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Junk Analysis Detail
March 26, 2010
7:11 am
Pollik
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Guests

I am really liking Junquilla - till now, I have always struggled with Thunderbird's anti spam.  

I am puzzled by one issue that can contribute towards false positives.  Looking at the Junk Analysis Detail, the receiving emailing is always allocated a high token value:

to:<myaddress@mydomain.net>          Token 94%

Such a high allocation seems rather odd to me - a large proportion of the emails that I get are addressed to me.Confused  


Polly

March 26, 2010
8:58 am
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July 12, 2008
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There are lots of oddities in the tokens if you really take the time to examine them. I can't recall a case though where I examined the "why" of a particular token and decided that there was a true bug in the software. Most are training issues.

What that token is telling you is that, of the messages that you have trained, a much higher proportion of those that were sent to: were junk than good. Even if "a large proportion of the emails that I get (and want)" are like that, an even LARGER portion of those that you get (and don't want) are like that.

Now that could be real, or it could be an issue of inadequate training. For training, you should have about the same number of junk as good messages trained. If it is real though, then the junk analyzer is biased toward marking as "junk", and it should be. Tinkering with that one token is not likely to improve the overall performance of the filter. Look at it this way: a message with no real content, but addressed to you, has a 94% chance of being junk. Think something like image spam here.

On my own system, I am now experimentally using a filter (from FiltaQuilla) to automatically train messages as good that match my address book. I need though to add the capability to limit the number of trained good to be about the same as the number of trained junk, as there can also be issues that arise from too much training of good (particularly if the messages differ in some systematic way from the junk, such as being at different times.)

March 26, 2010
8:58 am
Admin
Moderators
Forum Posts: 423
Member Since:
July 12, 2008
sp_UserOfflineSmall Offline

There are lots of oddities in the tokens if you really take the time to examine them. I can't recall a case though where I examined the "why" of a particular token and decided that there was a true bug in the software. Most are training issues.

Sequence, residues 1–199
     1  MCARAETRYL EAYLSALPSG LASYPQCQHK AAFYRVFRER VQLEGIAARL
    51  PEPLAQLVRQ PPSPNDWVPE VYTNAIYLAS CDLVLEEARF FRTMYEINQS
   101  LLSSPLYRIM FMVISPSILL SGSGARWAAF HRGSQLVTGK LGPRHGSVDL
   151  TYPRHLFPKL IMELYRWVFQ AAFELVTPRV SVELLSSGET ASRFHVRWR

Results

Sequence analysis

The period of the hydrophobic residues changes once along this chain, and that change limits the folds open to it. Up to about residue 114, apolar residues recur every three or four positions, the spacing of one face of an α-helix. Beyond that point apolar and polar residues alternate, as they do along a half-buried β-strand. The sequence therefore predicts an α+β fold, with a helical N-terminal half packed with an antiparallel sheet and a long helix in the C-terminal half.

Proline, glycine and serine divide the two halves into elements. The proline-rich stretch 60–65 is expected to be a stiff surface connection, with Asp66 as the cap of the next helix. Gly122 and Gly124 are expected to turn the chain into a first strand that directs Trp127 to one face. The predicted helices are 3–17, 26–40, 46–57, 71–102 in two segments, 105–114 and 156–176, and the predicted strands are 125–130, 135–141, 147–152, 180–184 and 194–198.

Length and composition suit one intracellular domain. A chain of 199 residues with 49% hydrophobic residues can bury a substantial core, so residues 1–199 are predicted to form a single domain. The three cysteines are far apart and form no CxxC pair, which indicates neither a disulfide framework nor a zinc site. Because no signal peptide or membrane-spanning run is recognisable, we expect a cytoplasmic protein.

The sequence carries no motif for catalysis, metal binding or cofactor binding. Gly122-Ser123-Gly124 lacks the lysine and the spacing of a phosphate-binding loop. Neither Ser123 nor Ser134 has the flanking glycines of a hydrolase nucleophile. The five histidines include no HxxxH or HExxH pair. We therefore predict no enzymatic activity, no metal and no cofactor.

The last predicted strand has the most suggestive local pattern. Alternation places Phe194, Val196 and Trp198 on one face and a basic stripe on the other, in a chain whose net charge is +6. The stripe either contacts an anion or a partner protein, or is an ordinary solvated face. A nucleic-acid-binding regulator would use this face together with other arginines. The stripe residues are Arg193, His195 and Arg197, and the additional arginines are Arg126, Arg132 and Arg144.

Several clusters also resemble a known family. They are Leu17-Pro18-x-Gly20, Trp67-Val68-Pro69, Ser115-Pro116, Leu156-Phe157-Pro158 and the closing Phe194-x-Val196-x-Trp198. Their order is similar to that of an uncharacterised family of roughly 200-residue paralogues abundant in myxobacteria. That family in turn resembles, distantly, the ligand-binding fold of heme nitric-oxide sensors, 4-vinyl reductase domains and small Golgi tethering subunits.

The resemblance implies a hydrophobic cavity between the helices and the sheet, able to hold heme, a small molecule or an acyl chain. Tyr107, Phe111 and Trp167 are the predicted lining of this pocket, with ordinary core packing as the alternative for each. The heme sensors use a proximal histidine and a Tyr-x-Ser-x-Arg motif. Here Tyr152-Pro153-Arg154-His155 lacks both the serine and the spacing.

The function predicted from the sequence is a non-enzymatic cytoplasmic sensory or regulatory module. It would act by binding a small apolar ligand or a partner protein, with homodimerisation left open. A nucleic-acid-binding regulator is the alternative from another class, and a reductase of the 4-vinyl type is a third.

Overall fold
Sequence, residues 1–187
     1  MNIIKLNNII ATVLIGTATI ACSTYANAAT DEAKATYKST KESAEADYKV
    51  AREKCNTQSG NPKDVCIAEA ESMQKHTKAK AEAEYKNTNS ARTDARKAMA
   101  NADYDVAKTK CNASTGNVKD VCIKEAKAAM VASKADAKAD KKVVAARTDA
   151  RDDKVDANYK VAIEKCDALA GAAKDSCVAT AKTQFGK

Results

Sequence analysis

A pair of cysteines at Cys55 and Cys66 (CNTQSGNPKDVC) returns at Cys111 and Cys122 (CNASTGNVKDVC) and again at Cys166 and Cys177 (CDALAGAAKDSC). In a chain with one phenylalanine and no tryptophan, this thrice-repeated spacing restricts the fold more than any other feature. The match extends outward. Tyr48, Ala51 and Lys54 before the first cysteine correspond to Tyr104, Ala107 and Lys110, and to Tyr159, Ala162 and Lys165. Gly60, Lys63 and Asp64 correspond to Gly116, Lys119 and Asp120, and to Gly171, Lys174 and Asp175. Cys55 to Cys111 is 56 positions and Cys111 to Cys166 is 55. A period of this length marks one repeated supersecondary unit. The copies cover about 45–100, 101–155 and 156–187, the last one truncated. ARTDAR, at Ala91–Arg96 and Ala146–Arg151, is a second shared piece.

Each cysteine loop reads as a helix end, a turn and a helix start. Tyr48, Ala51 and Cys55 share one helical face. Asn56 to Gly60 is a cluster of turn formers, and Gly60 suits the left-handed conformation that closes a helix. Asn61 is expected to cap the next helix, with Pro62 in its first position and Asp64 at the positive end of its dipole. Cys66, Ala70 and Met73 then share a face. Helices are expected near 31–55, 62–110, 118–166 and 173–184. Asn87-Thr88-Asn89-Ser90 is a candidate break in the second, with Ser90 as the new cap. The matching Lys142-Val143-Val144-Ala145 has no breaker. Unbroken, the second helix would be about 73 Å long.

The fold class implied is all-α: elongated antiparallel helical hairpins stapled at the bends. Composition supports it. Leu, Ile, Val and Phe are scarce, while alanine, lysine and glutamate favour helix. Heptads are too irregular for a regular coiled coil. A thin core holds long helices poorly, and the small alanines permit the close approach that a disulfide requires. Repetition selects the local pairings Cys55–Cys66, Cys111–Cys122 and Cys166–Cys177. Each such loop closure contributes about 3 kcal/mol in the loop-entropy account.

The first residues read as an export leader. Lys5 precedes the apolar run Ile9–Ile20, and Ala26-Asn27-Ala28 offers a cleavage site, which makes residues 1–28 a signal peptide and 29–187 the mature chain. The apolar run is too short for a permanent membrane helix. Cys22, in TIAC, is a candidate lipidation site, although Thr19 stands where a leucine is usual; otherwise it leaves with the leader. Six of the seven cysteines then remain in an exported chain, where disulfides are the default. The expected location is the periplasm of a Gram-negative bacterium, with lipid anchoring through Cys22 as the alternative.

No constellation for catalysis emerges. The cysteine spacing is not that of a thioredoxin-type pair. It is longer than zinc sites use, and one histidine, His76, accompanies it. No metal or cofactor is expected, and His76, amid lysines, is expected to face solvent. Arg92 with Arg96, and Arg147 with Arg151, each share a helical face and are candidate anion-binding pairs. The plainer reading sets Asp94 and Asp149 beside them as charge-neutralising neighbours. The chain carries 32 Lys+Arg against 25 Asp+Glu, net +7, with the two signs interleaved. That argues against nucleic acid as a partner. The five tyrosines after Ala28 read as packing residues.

What that token is telling you is that, of the messages that you have trained, a much higher proportion of those that were sent to: were junk than good. Even if "a large proportion of the emails that I get (and want)" are like that, an even LARGER portion of those that you get (and don't want) are like that.

Now that could be real, or it could be an issue of inadequate training. For training, you should have about the same number of junk as good messages trained. If it is real though, then the junk analyzer is biased toward marking as "junk", and it should be. Tinkering with that one token is not likely to improve the overall performance of the filter. Look at it this way: a message with no real content, but addressed to you, has a 94% chance of being junk. Think something like image spam here.

On my own system, I am now experimentally using a filter (from FiltaQuilla) to automatically train messages as good that match my address book. I need though to add the capability to limit the number of trained good to be about the same as the number of trained junk, as there can also be issues that arise from too much training of good (particularly if the messages differ in some systematic way from the junk, such as being at different times.)

March 27, 2010
12:50 am
Pollik
Guest
Guests

That might explain...thanks for your comments.

It still seems to me that the addressee field is a poor indicator of junk, but it is how it is and I am always grateful to the guys who are putting these things out in the public domain.

Keep up the good work. 🙂

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